Margaret Hamer said driven people are the future of democracy.
Hamer was one of five local activist discussion leaders and the spokesperson of Moms Demand Action at the first TEDxUFSalon event.
Different than other TEDxUF events, the salon-style is an informal roundtable discussion that bridges the community and the university, said Laura Uribe, the TEDxUF’s license holder and curator. The theme for the first event was activism and hosted 40 guests. Upcoming events will be themed personal development, art and technology, science and storytelling will be hosted.
In the first salon at UF, Hamer said she wanted to talk to young people about their priorities and give them advice.
“I love anything that gets young people active and involved and excited,” Hamer said.
For TEDxUF’s 10th anniversary, organizers wanted to create more engagement between students and the Gainesville community, which inspired the salon idea, said Uribe, a 21-year-old UF political science senior.
She said she became involved with the organization because it allowed her to find her purpose and because she loved that TEDx discusses issues that relate to every type of person.
“What drove me to TED was that fascination with being able to know a little bit about everything,” she said.
Four other local activist leaders also led discussion roundtables at the event, including Jhody Polk, the executive director for the Florida Council for Incarcerated Women and Girls, and Giancarlo Tejeda, the president of CHISPAS UF, Uribe said.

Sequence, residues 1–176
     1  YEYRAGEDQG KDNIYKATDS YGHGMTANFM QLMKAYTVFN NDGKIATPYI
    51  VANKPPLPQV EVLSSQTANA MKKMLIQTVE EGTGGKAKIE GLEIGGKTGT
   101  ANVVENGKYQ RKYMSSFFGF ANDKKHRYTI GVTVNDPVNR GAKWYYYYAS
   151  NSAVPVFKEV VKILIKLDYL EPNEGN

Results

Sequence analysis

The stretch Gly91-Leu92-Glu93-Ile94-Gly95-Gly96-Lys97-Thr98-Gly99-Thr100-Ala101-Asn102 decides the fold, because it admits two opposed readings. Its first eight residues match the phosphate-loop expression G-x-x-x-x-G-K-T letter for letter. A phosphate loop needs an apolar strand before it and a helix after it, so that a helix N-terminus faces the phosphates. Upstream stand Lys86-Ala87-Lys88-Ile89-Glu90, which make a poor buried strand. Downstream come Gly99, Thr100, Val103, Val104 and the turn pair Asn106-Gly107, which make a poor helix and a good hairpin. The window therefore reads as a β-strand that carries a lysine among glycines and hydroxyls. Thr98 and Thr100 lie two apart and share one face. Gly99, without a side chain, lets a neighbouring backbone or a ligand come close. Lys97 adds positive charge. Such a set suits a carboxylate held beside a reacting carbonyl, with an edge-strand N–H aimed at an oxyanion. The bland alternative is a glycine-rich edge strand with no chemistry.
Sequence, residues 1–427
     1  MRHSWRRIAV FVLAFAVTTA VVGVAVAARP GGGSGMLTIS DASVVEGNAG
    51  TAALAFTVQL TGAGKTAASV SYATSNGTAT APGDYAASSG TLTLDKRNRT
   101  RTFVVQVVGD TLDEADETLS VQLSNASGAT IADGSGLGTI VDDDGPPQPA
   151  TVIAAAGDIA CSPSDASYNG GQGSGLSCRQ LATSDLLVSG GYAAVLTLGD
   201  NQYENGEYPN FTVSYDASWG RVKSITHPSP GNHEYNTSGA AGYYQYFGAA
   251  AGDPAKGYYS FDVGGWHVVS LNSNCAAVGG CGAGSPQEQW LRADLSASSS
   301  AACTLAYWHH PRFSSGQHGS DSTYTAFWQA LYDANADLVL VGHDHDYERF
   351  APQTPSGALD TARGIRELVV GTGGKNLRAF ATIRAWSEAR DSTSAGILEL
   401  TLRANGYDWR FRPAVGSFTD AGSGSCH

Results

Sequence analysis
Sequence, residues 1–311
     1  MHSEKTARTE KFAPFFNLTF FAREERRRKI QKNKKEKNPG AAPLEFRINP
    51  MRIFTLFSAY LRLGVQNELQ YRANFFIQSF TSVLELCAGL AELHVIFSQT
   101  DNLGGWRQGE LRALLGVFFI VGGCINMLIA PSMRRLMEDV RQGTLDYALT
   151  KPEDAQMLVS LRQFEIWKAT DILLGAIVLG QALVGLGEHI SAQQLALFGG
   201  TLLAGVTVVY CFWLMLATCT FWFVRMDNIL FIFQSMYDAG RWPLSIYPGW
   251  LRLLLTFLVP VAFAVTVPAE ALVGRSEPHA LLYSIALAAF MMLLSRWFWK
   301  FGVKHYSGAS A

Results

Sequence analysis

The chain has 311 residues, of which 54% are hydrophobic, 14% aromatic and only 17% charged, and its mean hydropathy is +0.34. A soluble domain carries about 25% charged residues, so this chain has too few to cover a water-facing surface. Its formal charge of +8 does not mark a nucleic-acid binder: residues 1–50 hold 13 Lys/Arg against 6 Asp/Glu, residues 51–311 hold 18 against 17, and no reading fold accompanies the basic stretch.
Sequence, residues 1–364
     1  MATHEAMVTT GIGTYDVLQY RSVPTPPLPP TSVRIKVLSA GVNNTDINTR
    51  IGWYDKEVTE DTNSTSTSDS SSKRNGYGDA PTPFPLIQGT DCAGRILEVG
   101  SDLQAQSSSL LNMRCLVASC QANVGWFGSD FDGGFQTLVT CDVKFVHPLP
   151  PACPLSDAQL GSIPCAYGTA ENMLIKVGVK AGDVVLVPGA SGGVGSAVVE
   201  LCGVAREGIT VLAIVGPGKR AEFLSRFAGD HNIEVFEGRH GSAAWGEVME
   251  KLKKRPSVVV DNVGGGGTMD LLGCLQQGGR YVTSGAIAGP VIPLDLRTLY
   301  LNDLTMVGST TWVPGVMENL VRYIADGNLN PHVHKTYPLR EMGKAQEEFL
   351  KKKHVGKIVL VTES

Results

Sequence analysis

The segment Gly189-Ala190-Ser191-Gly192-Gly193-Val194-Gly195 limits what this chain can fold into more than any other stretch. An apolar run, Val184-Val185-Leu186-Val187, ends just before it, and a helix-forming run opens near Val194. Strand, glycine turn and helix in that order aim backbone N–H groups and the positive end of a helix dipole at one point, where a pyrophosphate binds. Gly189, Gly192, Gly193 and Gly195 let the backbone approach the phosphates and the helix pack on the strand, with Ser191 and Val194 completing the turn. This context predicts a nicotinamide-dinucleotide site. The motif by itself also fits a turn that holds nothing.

Carole Fernandez, the president of the League of Women Voters of Alachua County and Gwendolyn Zoharah Simmons, a UF African studies and religion professor were some of the activists who came to talk with students about social issues, Uribe said.
The guests sat with the activists and engaged in discussion with people they’d never met and who likely had opposing views, Uribe said.
Each student had to apply to participate because the organizers were in search of participants who were eager to actively engage in debate, she said.
An icebreaker started off the discussion. Attendees all put a sticker with a social issue on their backs. Others had to explain the issue well enough so the person could guess what it was.
Toward the end of the event, guests exchanged contact information and spoke about ways they could work together in the future, which Uribe said was one of the purposes.
“There are so many great leaders in Gainesville that because we’re trapped in this bubble we don’t get exposed to, so this space here allows UF students to connect with the community and enact change,” Uribe said.
Cristian Guerrero, a 19-year-old UF psychology sophomore, said he was able to network and learn valuable lessons. Guerrero said it was interesting talking to the freshmen who sat at his table.
“Just to think that I was in their shoes last year, and they’re also trying to develop as students and professionals is really cool,” he said.